How to Know When To Get Help

In recent years, a groundswell of information and advice for maintaining mental health has occurred. Many therapists and psychologists now share information and insight on social media. The stigma that once loomed over “getting help” is beginning to dissipate, which is great! However, it takes time, energy, and support … all things that may be in short supply. Here’s how to know when to get help (for your mental health).

While the availability and accessibility of high-quality mental health support are slowly increasing, admitting there might be a problem can still be difficult. One thing to keep in mind is that mental health issues are both common and treatable. And just like leaving a bad cough untreated can make recovery more difficult, leaving mental health issues untreated can lengthen the healing process. So how do you know if it’s time to seek out support for your mental health?

Is it Time to Get Help?

Signs that you may need additional support:

  • Confused or foggy thinking – Do you struggle to focus or complete tasks that used to be easy?
  • Prolonged depression – When was the last time you felt happy and light-hearted?
  • Feelings of extreme highs and lows – Do your emotions feel volatile and out of control?
  • Excessive anxiety and/or anger – Do you regularly feel rage or extremely fearful?
  • Social withdrawal – How connected do you feel to your friends, family, and loved ones?
  • Changes in eating, sleeping habits, or personality – Are you feeling and acting like yourself?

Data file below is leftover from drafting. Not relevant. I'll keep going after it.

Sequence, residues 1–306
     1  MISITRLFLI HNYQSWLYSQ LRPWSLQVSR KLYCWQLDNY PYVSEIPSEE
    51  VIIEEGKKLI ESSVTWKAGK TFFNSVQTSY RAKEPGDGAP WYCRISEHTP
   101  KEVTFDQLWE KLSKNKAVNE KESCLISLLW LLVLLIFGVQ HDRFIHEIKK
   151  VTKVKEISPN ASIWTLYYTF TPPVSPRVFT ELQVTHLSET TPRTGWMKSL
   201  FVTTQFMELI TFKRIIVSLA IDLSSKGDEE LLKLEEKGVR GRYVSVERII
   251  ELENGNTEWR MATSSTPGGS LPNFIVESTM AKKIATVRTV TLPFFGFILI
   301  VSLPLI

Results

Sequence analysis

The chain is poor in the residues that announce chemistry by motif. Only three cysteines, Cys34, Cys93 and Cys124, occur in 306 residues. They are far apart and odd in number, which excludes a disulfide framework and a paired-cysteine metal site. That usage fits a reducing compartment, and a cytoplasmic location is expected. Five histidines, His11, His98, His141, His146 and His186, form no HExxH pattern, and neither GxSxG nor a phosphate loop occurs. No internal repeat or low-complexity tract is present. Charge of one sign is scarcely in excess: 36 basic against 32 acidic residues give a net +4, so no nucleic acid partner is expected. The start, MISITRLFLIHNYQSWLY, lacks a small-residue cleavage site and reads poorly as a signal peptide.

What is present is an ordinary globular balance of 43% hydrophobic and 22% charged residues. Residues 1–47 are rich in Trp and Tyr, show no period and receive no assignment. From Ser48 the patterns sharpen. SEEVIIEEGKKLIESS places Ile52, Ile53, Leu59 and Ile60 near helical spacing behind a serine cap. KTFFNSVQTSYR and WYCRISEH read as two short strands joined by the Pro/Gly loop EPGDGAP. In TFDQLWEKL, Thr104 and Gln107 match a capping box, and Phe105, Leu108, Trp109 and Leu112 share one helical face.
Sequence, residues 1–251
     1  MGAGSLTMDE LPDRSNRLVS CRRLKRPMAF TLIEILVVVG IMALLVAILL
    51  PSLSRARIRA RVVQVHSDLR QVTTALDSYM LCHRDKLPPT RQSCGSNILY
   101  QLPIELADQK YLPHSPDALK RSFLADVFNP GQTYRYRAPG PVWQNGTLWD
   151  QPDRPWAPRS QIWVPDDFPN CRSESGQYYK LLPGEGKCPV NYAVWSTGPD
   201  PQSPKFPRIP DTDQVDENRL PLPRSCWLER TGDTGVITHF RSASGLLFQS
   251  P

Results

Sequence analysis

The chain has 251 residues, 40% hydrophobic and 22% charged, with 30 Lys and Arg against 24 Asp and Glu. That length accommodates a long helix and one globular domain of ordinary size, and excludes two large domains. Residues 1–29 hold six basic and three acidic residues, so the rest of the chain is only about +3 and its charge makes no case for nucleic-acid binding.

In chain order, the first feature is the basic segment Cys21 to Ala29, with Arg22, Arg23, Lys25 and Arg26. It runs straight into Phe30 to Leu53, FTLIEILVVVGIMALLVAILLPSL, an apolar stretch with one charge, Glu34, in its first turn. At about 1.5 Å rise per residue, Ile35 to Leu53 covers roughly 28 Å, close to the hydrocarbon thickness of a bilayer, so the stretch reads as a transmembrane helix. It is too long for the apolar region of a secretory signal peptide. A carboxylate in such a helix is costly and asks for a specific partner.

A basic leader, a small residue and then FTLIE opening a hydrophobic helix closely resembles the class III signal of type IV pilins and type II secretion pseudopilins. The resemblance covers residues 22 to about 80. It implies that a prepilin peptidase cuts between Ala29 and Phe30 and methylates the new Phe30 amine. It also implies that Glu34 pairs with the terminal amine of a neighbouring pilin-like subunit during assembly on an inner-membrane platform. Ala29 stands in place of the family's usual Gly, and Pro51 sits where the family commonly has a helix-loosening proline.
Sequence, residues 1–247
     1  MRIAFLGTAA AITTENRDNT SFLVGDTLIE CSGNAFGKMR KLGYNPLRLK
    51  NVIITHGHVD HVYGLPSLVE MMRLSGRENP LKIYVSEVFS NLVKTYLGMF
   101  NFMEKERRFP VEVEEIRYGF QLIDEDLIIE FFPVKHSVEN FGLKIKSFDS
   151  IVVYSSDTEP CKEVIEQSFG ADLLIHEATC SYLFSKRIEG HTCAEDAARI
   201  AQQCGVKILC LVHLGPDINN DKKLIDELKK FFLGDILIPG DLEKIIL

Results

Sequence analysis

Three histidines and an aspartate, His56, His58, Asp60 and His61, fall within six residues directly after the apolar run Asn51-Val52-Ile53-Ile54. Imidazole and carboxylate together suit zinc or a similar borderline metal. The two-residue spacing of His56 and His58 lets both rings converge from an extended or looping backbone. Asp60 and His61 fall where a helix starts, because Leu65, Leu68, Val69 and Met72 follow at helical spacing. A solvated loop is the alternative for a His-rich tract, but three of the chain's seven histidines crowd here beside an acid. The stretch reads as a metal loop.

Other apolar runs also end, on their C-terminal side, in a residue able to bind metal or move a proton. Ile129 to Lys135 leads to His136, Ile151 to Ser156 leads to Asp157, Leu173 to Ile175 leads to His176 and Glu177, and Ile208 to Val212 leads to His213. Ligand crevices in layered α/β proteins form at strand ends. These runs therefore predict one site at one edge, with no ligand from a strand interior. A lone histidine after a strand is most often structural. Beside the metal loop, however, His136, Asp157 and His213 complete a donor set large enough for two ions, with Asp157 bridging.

• Increasing inability to cope with daily activities or problems – Do even small tasks feel overwhelming?
  • Harmful ideations – Are you thinking of harming yourself or others?
  • Denial of obvious problems – Are you able to acknowledge and address the problems you’re facing?
  • Unexplained aches and pains – Are you experiencing pain – seemingly for no reason?
  • Substance abuse – Has your use of substances recently increased?

When any of these issues increase gradually, it’s difficult to be objective. Journaling or creating a list to describe your feelings or out-of-character behaviors in the moment can be helpful for both yourself and your caregivers.

In between appointments?

Here are a few other resources to consider as supplements to mental health care:

  • Online and in-person support groups – Mental health struggles can be very isolating. These groups can offer assistance and also a sense of community.
  • Therapy apps – Technology can be a great help in the quest to make mental health care more accessible to those with busy lives. Many therapy apps also offer payment plans and discounts.
  • Integrated care – massage therapy, exercise, and acupuncture all hold a place in an integrated mental health care plan. Taking a holistic approach to mental health care creates a more robust plan for wholeness and healing that takes the entire body into account.

The important thing to note is that support does exist. If you find yourself or someone you love in need of mental health care support, remembering that the problem is both real and treatable can go a long way to empowering you to make changes and find help.

Living in the Eugene, OR area? Give Well Balanced Center for Integrated Care a call! Our providers collaborate to provide integrated care that supports both your mental and physical health.

Check Out The Following Links For More Information:

5 Keys for Emotional Balance

5 Signs You’re Battling Mental Illness(video)

Finding Help: When to Get It and Where to Go

Book Recommendations from a Trauma Expert

Disclaimer alert: The views expressed within this article are not meant to replace, contradict, or be substitution for the advice or guidance of licensed medical or mental health professionals.